Those most likely to join radical unions are the unconscious rebels who are raising hell on the job. They are not afraid to lose their jobs. They challenge the authority of their foremen and supervisors. They refuse to work overtime. To enforce their demands they start wild cat strikes in violation of union rules, contracts, and government regulations In the course of their struggles the rebellious workers improvised syndicalist tactics and grass-roots forms of organization similar to those worked out by the revolutionary labor movement during its development. The demands of the wildcatters practically duplicate those made by the workers since the inception of industrial capitalism. They include:
* the right of the workers on the job to call and settle strikes and grievances
* all demands and ways of putting them into effect must also be decided by the rank-and-file.
* slowdowns, ‘sit ins” harassing employers, supervisors and foremen and other forms of passive resistance.
* the battle for workers’ control must be fought on the shop floor.
* refusal to honor agreements made for them, when such agreements clash with the interests of the workers on the job.
Today’s rebels are acting in accordance with the militant syndicalist traditions of the American labor movement. Because the syndicalist opposition is itself a wild cat movement in revolt against the system, it related best to their own experience. Today’s wildcatters could be most receptive to revolutionary ideas. If the libertarian left, now almost extinct, is to become a real force challenging business unionism, it will have to go all out to reach them.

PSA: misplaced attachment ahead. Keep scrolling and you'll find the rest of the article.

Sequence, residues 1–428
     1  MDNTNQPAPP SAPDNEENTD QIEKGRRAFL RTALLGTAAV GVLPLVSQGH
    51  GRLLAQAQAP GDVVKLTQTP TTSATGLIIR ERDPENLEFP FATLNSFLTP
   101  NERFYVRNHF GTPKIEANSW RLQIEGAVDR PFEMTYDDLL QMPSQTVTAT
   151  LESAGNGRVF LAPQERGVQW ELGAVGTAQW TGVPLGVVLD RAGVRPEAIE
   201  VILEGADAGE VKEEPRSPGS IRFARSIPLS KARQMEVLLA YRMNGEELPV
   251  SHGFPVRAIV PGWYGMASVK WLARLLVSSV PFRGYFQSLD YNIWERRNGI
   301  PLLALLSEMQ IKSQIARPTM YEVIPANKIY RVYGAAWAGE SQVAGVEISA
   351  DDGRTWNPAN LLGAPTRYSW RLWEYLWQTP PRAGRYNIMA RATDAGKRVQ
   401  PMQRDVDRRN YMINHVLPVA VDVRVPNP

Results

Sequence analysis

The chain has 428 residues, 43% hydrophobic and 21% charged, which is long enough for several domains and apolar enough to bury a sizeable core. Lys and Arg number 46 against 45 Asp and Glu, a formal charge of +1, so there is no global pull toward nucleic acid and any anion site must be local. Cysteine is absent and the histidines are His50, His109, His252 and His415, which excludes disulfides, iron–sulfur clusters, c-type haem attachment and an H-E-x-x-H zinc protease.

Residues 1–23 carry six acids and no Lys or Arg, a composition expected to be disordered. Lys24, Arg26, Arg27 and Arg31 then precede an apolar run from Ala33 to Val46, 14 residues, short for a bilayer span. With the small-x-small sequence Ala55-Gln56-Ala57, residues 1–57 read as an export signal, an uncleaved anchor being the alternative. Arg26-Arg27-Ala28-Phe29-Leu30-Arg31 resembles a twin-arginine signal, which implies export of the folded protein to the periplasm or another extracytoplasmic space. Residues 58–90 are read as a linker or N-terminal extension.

This is not to imply that we should, even if we can, foist our own ideas upon the workers. As Stanley Aronowitz puts it, ” . . . the spontaneous revolt will have to develop its own collective forms of struggle and demands.” But he believes that ‘ . the labor movements of the future . . will take a revolutionary syndicalist direction. . . ” (see Workers ‘ Control, p . 105 )
Another capable observer, Stanley Weir, notes that the rebellious workers’ groups ” . . . scattered in thousands of industrial establishments across the country who have developed informal underground unions” constitute a sort of guerrilla movement. He suggests that the coordination of such work-groups and plant committees united in city, regional and national councils “might be an alternative to bureaucracies elected every few years, far removed from the tribulations and the life of the workers in the
factories….” (Workers’ Control, p 46-47,105)
Deficiencies of Wild Cat Movement
Without discounting such possibilities, it seems that these speculations about the future of the wild cat movement are too optimistic. They do not sufficiently consider a number of formidable obstacles.